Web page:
Lost in Naples: Lessons I've learned from putting my trust in strangers
I had been dreaming of Italy for years. Countless Italian phrases scrawled in black pen filled my journal. Buongiorno! Buon divertimento! A creased green Italian-English dictionary and a large wrinkled Italian picture book lay piled on my bedside table.
My friends consistently rolled their eyes every time we were out and I’d exclaim, “I think they’re speaking Italian!” or, “It’s made in Italy!” I even went out with a chef from the Italian restaurant a few doors down from where I worked. Every day, I’d pass by and peer through the large white-paned windows partially covered with hanging pink flowers and see a man with an apron look up from the counter and wave. Eventually, he came running out asking to hang out sometime. Next thing you know he brought oven-fired pizza to my house. It didn’t work out with the pizza chef but my love for Italy did. Last summer when I was 19, I finally got the chance to visit. After years of pining for Italy, I set off to explore on my own for three weeks.
Despite Rome being majestic and Sicily being a complete dream, Naples is the city I can remember with every one of my senses.
I landed in Rome and went through Naples before entering Sicily. Despite Rome being majestic and Sicily being a complete dream, Naples is the city I can remember with every one of my senses. Naples brings you in. You’re not a tourist watching the city from the outside. Rather, you become a part of it. In Naples, I see the women hanging white sheets outside their apartments and passionate crowds watching soccer on TV in yellow-lit living rooms through their windows. I feel the hot breeze as motorbikes pass mere inches beside me, I hear the singing of the old man in the cobblestone square, and I smell the ocean, tobacco and pizza. I drag my bags through the never-ending slim cobbled streets. I walk through blue and yellow tiled walls that hold a green garden that shimmers from the heat.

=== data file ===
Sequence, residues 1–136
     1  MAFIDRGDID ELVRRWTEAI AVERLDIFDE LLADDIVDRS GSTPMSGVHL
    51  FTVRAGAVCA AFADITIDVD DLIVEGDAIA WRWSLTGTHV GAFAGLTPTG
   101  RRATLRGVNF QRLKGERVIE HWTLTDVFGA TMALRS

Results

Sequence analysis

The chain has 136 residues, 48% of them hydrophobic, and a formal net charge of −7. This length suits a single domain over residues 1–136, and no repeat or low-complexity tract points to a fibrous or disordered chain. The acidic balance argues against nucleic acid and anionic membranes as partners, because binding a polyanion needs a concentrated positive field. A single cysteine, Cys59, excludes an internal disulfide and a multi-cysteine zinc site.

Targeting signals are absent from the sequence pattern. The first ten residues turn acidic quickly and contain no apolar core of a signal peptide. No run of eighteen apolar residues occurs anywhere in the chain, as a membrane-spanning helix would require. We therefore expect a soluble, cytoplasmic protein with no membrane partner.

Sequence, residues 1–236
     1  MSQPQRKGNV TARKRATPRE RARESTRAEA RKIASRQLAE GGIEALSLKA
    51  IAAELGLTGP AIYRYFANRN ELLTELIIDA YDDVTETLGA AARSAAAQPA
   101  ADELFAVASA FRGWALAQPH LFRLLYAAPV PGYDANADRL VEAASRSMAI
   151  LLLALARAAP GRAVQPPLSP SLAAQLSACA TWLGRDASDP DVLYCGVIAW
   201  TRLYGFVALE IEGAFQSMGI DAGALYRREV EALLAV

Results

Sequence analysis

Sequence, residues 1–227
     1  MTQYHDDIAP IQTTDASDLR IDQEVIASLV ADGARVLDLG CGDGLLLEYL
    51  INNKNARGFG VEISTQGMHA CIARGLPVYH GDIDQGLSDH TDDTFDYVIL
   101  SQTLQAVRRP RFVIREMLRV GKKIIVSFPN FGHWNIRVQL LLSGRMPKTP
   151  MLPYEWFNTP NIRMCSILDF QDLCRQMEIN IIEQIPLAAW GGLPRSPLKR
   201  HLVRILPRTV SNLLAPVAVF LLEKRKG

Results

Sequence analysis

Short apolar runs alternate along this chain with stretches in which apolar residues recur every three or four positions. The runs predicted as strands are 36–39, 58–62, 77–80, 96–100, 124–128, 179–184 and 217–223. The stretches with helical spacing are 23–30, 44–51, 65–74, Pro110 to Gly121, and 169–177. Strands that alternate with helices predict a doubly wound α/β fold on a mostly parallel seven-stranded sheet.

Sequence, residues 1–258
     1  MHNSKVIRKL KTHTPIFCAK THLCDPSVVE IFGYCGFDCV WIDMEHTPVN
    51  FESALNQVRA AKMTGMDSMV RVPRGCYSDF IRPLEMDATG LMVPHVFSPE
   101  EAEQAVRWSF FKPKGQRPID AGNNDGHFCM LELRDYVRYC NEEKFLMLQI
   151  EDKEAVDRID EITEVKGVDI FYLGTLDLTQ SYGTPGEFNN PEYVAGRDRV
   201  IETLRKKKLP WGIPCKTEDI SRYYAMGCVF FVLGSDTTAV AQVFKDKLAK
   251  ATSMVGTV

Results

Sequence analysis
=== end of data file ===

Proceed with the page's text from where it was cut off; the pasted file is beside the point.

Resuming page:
I’m caught up in the romance of Naples, its beauty, its charm, and its culture. And then on my second night, my bubble bursts. I’m an Aperol spritz (or two) deep and walking through winding streets back to my hostel. My phone is dead and my sense of direction is… admittedly bad. Still, I had been to the same bar the night before and believed I knew how to walk back to my hostel. But now, I have to face the facts: I’m lost. I have no ability to use Google Maps and the streets which fascinated me before are now feeling hopelessly foreign. I’m feeling nervous and vulnerable as I continue to try to find my way in the dark. It has been an hour and tears are now streaming down my face. With each minute that passes, I’m feeling more and more worried. “How did I let myself get into this situation!?” I think to myself. The once-bustling city has grown quieter as I walk, with only the occasional laughter echoing from a building or a car screeching down the empty streets to interrupt my thoughts. “It must be just around this corner,” I think to myself. But I’m not sure. “Or I could be going in the complete wrong direction.”
Then, in the dark, a faint light becomes visible. It’s a small cigarette and snack stand with three people sitting in plastic chairs just outside of it. Still crying, I approach and with my (very) limited Italian, I try to explain that I’m lost and need to get to Napoli Centrale, the train station next to my hostel. Their eyebrows furrow and their eyes look blank as they look at one another trying to comprehend what I’m asking for. After a teary conversation and an unsuccessful attempt to get an iPhone charger, the older man slowly takes my hand and begins walking.